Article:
What’s been your worst investment?
My husband Damon (also a great investment!) is from the Bay Area, , and we lived in San Francisco together for 15 years before we moved to Sydney in 2010. Around the tech bubble in 2000, there was a start-up frenzy. As we lived in the heart of at the time, we – like many of our friends – invested in an early-stage healthtech start-up directly. The start-up eventually folded. It was definitely the worst investment we have made: our decision was made on emotion, we followed the crowd and did not undertake proper due diligence. Like any investment, it was a powerful lesson and taught us the importance of doing the work beforehand and ignoring the hype. However, the process of making great investment decisions never changes and we leverage the learnings from this experience so that we won’t make it again!

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How do you relax?
We spend most of the weekend as a family, watching the boys play water polo. Saying that, we have a rule that unless we’ve been to Balmoral Beach we haven’t really had a weekend! Even if it’s just slipping in for a quick swim or going for a walk. That sliver of time allows me to completely switch off and helps me refocus. On the weekends I try and swim in the ocean swims at the beach club during the summer. I am not very fast – just completing the course is usually my aim.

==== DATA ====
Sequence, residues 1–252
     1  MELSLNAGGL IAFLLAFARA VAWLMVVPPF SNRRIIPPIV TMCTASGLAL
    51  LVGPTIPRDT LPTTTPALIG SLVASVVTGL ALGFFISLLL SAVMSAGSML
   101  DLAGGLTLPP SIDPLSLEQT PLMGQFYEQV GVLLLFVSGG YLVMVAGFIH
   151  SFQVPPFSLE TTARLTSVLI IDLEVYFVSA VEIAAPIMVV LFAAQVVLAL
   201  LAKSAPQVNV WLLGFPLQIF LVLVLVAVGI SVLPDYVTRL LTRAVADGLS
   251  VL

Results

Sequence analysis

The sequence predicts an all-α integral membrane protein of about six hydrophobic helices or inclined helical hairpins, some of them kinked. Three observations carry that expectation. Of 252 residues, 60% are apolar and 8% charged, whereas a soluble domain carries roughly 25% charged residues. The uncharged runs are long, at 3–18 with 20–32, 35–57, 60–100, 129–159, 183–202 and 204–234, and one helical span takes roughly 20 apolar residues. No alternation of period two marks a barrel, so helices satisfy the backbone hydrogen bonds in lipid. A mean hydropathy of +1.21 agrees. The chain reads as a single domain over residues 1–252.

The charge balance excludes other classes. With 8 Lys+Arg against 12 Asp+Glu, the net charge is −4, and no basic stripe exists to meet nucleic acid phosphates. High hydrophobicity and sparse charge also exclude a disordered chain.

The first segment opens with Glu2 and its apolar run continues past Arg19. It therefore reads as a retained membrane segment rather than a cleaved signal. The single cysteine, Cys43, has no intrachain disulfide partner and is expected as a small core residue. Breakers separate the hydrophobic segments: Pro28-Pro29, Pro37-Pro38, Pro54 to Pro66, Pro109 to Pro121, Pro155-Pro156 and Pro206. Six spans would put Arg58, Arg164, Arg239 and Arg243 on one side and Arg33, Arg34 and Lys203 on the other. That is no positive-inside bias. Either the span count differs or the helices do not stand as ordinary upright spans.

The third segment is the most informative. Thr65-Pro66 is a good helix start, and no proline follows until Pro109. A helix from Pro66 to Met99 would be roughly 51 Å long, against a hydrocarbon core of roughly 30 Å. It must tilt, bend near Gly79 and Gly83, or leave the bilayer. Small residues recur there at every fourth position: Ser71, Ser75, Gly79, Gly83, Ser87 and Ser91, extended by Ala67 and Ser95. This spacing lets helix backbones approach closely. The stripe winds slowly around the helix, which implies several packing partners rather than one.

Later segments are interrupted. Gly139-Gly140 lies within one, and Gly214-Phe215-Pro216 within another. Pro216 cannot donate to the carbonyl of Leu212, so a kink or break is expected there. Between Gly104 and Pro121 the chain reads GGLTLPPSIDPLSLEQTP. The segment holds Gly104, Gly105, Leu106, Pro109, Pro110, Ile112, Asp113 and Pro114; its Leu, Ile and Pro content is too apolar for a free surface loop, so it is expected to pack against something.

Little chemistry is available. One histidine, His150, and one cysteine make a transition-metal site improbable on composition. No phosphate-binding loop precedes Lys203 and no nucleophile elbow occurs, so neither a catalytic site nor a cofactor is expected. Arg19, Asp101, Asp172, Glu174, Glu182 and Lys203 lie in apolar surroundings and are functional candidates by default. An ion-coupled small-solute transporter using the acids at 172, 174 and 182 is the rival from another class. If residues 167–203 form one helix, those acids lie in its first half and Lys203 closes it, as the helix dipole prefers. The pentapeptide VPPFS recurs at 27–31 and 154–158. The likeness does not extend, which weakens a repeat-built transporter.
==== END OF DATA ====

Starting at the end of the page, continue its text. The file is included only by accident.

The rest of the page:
Damon and I both work and we’re always juggling driving the boys to sport. Some days I’ll be at school before dawn for swimming and in the evenings Damon will be taking the boys to training. It’s a pretty full-on schedule between us.

I grew up in Sydney and Damon’s American. I met him while he was out in Australia playing water polo through my two flatmates who also played. We ran into each other a year later at the Slug & Lettuce pub in Notting Hill when I was working in London. He said: “Come to San Francisco for the summer” – I agreed and then somehow stayed for 14 years. In the Bay Area I worked for Charles Schwab, ’s largest brokerage platform, a fintech start-up and an investment consulting firm. I did a lot of travel to meet clients and attend conferences all across the US, Korea and Japan, it was really interesting. The boys were born in San Francisco and we lived in the city but when they were 5 and 3 we got tired of dressing in fleeces and beanies to go the park in the middle of another foggy summer and decided that it was time to move back to Sydney.

Being in financial services means you’re always on, you never switch completely off. I’ll sometimes go for a walk on the beach at sunrise, listening to podcasts and getting really immersed in someone talking about new ideas. It’s so amazing being on the beach that early and it can be spectacularly peaceful looking out over the water. It’s a way of preparing myself for the day rather than being thrown straight in. When I start my day that way I feel prepared for anything. It’s about just thinking – taking deep breaths and getting in a really calm state, not having cluttered thoughts. The ocean can be a very calming force.

Debra Cleveland

Debra ClevelandSmart Investor EditorDebra Cleveland writes on personal specialising in superannuation & SMSFs, , tax. Based in our Sydney newsroom, Debra has over 30 years experience as a journalist and editor. Connect with Debra on Twitter. Email Debra at [email protected]